In ’76 the shape of things to come was inadvertently revealed when an Assistant Commissioner from the Bureau of Reclamation (ever the western water developer’s friend previously) had the misfortune to be scheduled to talk very shortly after the Carter administration released additions and amendments to the epoch-ending “Hit List” of western water projects that did not stand up to a new set of cost-benefit analyses.
The speaker was literally left hanging at the podium, shaking his head as he tried to figure out how to put positive spin on the news in the Federal Register. As suddenly as that, the federal government went from the West’s ally to an antagonist. And within a few years, the environmental movement had muscled its way to the table, via the courts, the national media, and a shifting national sensibility.
The number and nature of players have expanded over the two decades, but more players have not changed the basic game. Talking in generalities about the need for cooperation is still a staple of the Water Workshops, for entities whose very existence was born in, and continues to depend on, a kind of a winner-take-all adversarial environment.
IF YOU ARE THE “Water Task Force Director” for a national environmental organization, for example, is there any job security in successful negotiations with the enemy? Why not hold out, like Don Quixote, for the unattainable Ideal?
And do water lawyers have anything to gain from encouraging their clients to negotiate toward consensus — especially if, as was the case with the Eagle River Assembly, the participants decide the only way to work seriously toward consensus is to forbid participants from bringing their lawyers?
So now, as 18 years ago, the Water Workshop leaves one with a feeling akin to going to church: everyone has gathered to affirm virtues and values they have no intention — or even institutional capability — of applying once they leave.
Marcia Hughes, legal counsel to the Metropolitan (Colorado) Water Providers, stated that the “Colorado water community is a close-knit group of friends whose friendship is based on our ability to fight together over water.”
As the Eagle River Assembly indicated, cooperation at the inter-institutional level has to occur almost in spite of the institutions. This is basically the tremendous inertia of the status quo that environmentalist Steve Glazer observed. So maybe now that the Water Workshop has established a certain stature in the regional water community, it is time to begin seriously probing at that inertia.
Some possible topics:
Is water really a viable “property”?
You can pretty well measure what you take out of a river, but it’s a lot harder to measure what trickles and dribbles its way back into the river — unless you sell what you take out to Denver, in which case you know for sure that none of it is going to trickle back into your river.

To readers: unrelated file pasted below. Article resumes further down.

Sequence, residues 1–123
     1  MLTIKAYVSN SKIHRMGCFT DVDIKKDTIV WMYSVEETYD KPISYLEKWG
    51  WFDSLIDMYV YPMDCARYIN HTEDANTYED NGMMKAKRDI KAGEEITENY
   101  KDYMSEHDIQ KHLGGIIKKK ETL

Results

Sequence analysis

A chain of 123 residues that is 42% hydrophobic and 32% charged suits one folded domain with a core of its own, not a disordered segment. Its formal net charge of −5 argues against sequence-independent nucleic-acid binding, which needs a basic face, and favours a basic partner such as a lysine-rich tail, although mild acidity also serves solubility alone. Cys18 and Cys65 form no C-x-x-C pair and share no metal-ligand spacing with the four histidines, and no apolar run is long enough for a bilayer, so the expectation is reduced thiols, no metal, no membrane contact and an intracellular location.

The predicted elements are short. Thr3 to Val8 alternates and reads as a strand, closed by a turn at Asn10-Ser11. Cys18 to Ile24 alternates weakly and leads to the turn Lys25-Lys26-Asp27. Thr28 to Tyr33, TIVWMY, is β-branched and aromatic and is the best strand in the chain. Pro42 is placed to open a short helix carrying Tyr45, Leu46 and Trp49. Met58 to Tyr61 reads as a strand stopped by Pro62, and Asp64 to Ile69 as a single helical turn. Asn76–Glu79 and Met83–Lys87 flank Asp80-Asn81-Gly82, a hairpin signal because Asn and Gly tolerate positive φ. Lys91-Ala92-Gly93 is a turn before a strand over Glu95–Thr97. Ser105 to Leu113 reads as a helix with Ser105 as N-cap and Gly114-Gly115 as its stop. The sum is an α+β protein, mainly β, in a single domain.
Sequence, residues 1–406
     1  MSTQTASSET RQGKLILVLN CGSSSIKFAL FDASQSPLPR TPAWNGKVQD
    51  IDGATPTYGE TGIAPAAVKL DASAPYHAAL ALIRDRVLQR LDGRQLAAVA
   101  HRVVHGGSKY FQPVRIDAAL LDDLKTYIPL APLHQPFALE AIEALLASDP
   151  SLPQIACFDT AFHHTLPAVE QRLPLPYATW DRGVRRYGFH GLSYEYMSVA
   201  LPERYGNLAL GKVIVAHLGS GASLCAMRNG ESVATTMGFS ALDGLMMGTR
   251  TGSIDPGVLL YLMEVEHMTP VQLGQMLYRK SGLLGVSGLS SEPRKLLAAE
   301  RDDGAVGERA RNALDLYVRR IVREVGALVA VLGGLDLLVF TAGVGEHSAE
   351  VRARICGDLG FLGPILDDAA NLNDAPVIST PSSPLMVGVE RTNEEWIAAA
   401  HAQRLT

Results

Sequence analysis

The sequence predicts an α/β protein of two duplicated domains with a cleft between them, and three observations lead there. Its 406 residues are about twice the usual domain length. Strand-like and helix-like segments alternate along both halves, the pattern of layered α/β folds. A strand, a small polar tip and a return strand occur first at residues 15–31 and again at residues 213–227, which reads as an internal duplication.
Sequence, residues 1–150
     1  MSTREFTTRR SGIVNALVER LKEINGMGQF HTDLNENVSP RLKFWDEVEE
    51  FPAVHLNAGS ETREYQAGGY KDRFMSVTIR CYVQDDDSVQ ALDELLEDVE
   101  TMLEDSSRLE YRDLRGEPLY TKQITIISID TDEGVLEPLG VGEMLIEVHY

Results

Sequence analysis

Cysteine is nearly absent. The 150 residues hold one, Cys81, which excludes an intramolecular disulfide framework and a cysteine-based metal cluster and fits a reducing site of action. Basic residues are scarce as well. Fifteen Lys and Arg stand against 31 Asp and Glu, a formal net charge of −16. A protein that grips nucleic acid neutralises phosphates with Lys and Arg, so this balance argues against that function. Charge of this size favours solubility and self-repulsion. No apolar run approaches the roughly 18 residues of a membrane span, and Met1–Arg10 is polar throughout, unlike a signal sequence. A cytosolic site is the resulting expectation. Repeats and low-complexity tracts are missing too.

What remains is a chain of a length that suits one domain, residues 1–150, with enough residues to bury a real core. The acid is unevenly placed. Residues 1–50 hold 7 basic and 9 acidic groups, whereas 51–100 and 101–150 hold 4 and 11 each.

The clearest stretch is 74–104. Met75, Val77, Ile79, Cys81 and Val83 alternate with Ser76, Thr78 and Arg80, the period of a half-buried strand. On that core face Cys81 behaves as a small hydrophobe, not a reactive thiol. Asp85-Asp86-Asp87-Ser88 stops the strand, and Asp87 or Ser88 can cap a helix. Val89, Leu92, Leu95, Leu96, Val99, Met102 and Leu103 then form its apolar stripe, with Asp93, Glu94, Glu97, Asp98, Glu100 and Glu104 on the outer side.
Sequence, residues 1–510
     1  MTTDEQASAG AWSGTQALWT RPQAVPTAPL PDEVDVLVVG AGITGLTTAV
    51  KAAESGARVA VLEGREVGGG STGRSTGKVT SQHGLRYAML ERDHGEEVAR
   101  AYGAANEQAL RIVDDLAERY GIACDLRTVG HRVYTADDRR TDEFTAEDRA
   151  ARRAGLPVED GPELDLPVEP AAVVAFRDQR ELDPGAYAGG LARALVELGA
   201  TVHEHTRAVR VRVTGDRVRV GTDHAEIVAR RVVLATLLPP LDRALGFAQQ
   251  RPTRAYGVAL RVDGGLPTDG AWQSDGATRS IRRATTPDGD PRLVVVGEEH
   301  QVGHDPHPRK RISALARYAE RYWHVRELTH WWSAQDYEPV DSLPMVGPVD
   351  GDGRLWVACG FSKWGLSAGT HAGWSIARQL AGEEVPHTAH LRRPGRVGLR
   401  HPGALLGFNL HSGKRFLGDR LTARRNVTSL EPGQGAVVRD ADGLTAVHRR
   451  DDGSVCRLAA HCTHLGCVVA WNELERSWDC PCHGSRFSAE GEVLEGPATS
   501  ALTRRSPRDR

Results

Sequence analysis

Does it make any sense to buy, sell and trade the most absolute sine qua non for life on earth as if it were just a commodity?
Or should it be remembered that, to those who live on its banks, a river is more than just water flowing downstream?
There’s a Zennish statement to the effect that “you can’t step in the same river twice.” But the successful consequence of the appropriation doctrine and its conception of “beneficial uses” is: “You can’t even step in this river once.”
Which makes one ask: Why are Western Coloradans so concerned about the unholy trinity of Los Angeles, Las Vegas, and Phoenix?
FROM A RURAL Colorado perspective, it makes more sense to “give” our excess water to the unholy trinity, than to keep it in Colorado — since to get to California, our water has to flow through our whole network of rivers.
Whereas, to go to the populated areas of Colorado, water gets taken out of the basin at the top, decreasing water quality and quantity throughout the basin.
In the cultural madness imposed by boundaries ignorant of geographic reality, the unholy trinity are Western Colorado’s most powerful allies in keeping our water where we need it now: In our rivers. Whereas our “fellow Coloradans” on the Front Range pose a serious threat to those “beneficial in-stream uses,” rafting, fishing, recreation, habitat, and natural beauty.
Thus, even though we may not care for what the Californians do with “our” water when it finally gets there, at least they’ll leave us a river to wade in.
George Sibley, a former sawmill operator and small-town newspaper publisher, now teaches writing at Western State College in Gunnison, where he also organizes the annual Headwaters Conference; the next one will be in May of 1995.